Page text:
Every generation gets its own flavor of survivalist–people driven to prepare for the end of societal order, AKA the Apocalypse, Armageddon, an epidemic of uncontrolled terrorism or any old kind of cataclysm–and Reuters reported Saturday on the most recent incarnation: “preppers.” Are preppers any different from previous forward-thinking folks who dug bomb shelters or laid up stores of long-lasting dried goods and arms, just in case?
They are following in the footsteps of hippies in the 1960s who set up communes to separate themselves from what they saw as a materialistic society, and the survivalists in the 1990s who were hoping to escape the dictates of what they perceived as an increasingly secular and oppressive government.
Preppers aren’t wild-eyed fanatical stereotypes, either.
“Modern preppers are much different from the survivalists of the old days,” [said attorney and blogger Michael T. Snider]. “You could be living next door to a prepper and never even know it. Many suburbanites are turning spare rooms into food pantries and are going for survival training on the weekends.”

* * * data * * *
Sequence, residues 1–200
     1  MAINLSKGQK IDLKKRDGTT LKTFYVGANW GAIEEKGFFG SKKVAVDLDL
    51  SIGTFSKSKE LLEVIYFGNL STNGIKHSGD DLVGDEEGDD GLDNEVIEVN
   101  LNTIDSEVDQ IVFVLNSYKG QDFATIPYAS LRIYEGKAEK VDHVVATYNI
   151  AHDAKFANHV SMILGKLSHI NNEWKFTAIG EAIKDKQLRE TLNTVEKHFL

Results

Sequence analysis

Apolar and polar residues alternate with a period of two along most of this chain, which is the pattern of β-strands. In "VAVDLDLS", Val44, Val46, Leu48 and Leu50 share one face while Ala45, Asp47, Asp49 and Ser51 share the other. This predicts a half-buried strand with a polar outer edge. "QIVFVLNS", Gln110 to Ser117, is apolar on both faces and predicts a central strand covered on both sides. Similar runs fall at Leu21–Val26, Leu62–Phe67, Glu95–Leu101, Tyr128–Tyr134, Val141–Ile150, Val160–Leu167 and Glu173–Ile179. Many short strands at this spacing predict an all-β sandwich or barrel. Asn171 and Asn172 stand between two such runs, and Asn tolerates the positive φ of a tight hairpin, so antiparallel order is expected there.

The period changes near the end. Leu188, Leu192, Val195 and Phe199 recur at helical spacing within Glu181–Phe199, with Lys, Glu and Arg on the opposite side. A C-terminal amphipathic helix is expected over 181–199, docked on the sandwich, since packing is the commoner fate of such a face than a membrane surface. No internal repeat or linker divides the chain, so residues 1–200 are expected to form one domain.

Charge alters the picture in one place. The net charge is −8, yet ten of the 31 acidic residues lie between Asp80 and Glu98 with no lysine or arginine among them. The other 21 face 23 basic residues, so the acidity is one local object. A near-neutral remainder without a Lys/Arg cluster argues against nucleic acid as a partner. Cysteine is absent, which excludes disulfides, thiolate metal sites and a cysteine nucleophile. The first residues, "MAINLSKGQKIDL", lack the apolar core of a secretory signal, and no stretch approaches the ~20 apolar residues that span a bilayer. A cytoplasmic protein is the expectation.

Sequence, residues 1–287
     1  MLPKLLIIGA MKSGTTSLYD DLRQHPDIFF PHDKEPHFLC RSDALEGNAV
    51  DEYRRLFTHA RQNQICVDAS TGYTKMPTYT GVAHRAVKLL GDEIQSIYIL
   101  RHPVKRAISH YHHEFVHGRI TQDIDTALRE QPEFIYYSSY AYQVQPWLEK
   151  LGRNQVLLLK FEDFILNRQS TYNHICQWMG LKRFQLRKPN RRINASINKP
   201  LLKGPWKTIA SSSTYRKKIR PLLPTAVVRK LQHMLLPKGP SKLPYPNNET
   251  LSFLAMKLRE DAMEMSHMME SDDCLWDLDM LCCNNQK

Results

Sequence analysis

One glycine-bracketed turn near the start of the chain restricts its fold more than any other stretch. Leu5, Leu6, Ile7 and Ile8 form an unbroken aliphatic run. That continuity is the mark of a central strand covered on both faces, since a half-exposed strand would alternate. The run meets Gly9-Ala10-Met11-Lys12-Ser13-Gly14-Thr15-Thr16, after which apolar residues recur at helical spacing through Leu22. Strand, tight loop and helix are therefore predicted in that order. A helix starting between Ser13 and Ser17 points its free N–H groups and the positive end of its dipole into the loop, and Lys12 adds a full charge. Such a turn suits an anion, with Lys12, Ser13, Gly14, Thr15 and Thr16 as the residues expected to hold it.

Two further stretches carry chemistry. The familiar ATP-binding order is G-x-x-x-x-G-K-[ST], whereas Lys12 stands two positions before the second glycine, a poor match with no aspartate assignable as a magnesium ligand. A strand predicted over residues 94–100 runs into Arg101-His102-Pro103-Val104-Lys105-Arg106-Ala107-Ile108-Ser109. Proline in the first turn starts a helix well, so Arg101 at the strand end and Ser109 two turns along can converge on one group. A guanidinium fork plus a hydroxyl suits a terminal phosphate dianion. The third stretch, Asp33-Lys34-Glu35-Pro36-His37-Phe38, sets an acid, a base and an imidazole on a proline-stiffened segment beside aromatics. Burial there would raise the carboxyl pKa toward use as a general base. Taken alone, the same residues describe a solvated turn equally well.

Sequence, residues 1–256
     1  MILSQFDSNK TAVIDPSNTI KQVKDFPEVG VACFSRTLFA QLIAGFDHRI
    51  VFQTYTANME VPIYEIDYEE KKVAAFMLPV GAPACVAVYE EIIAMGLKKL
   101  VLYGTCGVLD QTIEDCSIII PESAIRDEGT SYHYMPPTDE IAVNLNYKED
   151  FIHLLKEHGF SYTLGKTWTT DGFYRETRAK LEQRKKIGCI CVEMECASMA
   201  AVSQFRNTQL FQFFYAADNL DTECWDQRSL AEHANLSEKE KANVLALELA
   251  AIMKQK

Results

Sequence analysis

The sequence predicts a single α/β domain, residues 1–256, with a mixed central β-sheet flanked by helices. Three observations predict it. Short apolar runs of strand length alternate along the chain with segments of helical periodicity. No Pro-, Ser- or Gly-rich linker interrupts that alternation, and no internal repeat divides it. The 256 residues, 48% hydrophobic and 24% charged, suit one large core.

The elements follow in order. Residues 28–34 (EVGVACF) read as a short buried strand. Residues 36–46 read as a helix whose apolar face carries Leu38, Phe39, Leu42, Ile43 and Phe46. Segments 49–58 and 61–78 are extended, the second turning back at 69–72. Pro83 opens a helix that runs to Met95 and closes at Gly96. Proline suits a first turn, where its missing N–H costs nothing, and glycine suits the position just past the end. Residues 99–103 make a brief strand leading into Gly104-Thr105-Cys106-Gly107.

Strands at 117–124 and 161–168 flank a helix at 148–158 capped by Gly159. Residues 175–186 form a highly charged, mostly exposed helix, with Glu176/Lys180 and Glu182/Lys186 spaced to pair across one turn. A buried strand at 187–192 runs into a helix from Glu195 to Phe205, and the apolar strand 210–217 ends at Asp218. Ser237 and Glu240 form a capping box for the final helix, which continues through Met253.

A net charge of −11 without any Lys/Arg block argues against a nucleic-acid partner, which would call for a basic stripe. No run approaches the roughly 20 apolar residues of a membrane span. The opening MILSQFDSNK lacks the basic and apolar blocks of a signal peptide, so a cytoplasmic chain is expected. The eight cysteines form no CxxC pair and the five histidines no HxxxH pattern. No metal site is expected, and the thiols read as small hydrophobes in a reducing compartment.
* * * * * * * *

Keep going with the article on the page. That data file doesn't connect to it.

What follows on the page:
The prepper next door is serious. They’re not looking to Mayan prophecy or a wizened fundamentalist like Harold Camping for cues as to when the end might come–they believe it could happen any time.
The idea behind becoming a prepper may seem more rational now than it once did. Worries about the nation’s economic woes alone can make a Mad Max machine-gun run to trade pelts or dry goods for gas and potable
Being ready for what preppers call “uncivilization” is mainstream enough that one major membership warehouse chain has products geared toward holing up for a short time in your cabin, cellar or re-purposed missile silo. For less than the cost of an iPad (which would be useless in a catastrophe anyway, unless your Angry Birds addiction is just that profound), Costco will send the Shelf Reliance Ultimate Survival Pack to your door. It supposedly contains supplies enough for two people to survive up to two weeks.
Order 26 and you’ll be good for a year.